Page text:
Cereal Rye and Slugs

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It’s a typical Ohio spring. Sporadic rains, followed by a few days of sunshine, then more drizzle. Farmers are trying to get crops planted, but progress varies. Under these conditions, cereal rye is growing fast which can help dry out soils but tends to shade newly planted crops. Second, with a warm winter and fairly warm spring with rain, slugs and voles (field mice) are flourishing. Weeds are also growing because it is too wet to spray all the fields. Here are some tips to deal with these problems.  Cover crops, especially cereal rye, outcompete many troublesome weeds but the cover crop needs to be terminated. Most farmers will kill the cover crop with herbicides but crimper crop rollers can terminate naturally and if the crop is tall, get it on the ground. Once it is on the ground, it will hold moisture and keep soil temperatures cooler going into summer. Cereal rye is a natural fit for soybeans but is more difficult to manage with corn. Soybeans thrive on the nutrient

Reducing Phosphorus Runoff

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Rain is again slowing down spring planting. April and May showers are saturating fields causing nutrient runoff and soil organic matter (SOM) losses. While most scientists say phosphorus (P) is the main culprit, harmful algae blooms (HAB) or cyanobacteria need a variety of nutrients. If rains continue into summer combined with warm weather and not much wind, HAB can multiply quite rapidly. Farmers have planted cover crops and applied a variety of best management practices to reduce HAB in Lake Erie, will it be enough?  Where is the P coming from, what is the source? Human wastes account for roughly 16%, livestock manure 17%, and the biggest source is still from agriculture, from the soil. Considering the large acreage (4.2 million acres in the Maumee River basin) it takes only a small amount of P loss to cause HAB in Lake Erie. Farmers generally apply about 35-40# of P on corn and maintain about 95% of what is applied. HAB need only 1/10 as much P as corn (1# P = 500# of HAB), so now f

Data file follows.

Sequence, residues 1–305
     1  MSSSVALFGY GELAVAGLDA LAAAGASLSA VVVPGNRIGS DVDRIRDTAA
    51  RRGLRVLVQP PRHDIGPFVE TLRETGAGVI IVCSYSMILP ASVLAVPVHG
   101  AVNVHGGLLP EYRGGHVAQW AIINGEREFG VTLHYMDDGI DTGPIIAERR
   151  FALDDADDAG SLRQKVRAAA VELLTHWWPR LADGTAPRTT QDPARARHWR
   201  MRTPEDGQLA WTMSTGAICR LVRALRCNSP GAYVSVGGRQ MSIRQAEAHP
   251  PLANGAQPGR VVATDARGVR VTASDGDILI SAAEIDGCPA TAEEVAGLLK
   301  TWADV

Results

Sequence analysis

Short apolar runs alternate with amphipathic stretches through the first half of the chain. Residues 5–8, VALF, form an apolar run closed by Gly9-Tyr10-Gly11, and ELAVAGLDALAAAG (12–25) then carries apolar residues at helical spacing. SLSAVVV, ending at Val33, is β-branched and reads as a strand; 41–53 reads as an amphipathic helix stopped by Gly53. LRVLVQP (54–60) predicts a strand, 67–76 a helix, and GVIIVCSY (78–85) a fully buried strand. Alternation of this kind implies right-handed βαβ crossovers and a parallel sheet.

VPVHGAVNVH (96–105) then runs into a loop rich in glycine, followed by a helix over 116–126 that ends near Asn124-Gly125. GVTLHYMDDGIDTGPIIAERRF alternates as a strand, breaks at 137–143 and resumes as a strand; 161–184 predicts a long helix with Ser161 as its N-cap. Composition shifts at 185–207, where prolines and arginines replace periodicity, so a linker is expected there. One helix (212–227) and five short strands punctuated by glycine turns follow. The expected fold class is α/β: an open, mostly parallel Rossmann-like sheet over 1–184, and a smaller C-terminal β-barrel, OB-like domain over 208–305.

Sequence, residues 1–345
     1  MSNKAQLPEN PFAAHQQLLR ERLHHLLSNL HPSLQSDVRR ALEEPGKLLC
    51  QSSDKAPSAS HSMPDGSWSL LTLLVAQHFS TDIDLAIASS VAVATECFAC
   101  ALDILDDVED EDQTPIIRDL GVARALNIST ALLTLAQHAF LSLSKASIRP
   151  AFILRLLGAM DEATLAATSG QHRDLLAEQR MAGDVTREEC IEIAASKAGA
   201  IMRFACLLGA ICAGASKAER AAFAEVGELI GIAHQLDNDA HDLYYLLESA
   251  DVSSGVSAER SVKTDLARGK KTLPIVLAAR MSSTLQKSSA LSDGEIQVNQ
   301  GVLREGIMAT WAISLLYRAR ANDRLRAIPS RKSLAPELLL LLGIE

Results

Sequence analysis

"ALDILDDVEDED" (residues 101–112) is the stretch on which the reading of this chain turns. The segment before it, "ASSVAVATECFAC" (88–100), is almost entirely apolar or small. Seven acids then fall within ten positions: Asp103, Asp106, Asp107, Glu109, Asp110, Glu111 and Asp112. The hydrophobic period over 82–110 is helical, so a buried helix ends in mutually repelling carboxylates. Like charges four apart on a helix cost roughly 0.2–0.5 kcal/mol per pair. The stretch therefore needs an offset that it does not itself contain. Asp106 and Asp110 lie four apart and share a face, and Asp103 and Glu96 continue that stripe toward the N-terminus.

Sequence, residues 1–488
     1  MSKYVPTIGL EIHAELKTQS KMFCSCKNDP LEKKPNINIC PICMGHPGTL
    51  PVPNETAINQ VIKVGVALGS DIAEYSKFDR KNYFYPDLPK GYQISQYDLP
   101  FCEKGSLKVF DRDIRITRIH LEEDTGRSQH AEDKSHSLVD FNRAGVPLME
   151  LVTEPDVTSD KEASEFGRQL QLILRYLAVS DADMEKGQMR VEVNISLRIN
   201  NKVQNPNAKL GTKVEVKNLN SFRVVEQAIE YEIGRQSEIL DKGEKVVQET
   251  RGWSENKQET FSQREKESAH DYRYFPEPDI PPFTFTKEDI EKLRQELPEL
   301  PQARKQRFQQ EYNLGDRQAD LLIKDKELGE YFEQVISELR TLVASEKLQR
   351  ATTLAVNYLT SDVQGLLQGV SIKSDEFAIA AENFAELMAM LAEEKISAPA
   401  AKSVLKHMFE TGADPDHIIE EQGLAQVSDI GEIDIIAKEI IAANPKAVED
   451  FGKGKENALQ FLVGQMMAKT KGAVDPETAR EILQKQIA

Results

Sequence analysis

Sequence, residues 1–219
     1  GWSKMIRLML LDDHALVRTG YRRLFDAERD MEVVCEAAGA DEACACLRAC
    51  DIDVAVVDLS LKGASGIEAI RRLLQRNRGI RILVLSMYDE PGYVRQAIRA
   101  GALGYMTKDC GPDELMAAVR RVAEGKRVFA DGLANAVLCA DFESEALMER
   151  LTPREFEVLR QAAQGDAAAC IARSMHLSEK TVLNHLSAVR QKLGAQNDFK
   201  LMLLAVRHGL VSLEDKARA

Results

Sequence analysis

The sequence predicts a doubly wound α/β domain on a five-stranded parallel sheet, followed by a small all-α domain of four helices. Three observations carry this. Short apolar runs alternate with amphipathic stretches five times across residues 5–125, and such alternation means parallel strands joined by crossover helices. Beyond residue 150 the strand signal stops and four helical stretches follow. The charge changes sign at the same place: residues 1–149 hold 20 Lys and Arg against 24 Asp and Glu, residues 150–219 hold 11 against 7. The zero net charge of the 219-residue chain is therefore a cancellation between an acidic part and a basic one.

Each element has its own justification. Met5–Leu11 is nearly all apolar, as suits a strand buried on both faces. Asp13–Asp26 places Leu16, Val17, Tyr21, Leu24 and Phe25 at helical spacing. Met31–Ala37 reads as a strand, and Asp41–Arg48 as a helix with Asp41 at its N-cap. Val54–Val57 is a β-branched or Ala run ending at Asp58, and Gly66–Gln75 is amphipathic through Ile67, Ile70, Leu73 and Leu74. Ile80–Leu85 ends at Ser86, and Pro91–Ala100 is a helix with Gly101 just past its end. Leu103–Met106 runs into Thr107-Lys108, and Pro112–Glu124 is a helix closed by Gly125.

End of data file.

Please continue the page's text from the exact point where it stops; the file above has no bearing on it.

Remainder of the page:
Spring Planting Safety Tips

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Farmers are starting the busy planting season as the soil both warms up and dries out. Spring is a hectic time as farmers try to plant their crops quickly to optimize crop yields. However, planting season can be dangerous, for both farmers, their spouse and children, hired hands, and non-farm people. Agriculture is a dangerous profession, averaging 100 injuries per day and around 410 deaths per year (2019) or 19.4 deaths per 100,000 workers. Let’s try to make this a safe year.  Let’s start with the children. Farm children, grand kids, and even city kids love to be on the farm and they are fascinated by tractors, wagons, sprayers, fertilizer equipment, you name it. Children do not realize the danger this equipment can pose. Take some time and educate them if they visit. Children need adult supervision and need to stay a distance away. Most children love to ride on the tractor and that can be quite dangerous. Children riding on a fender and not buckled up can easily fall off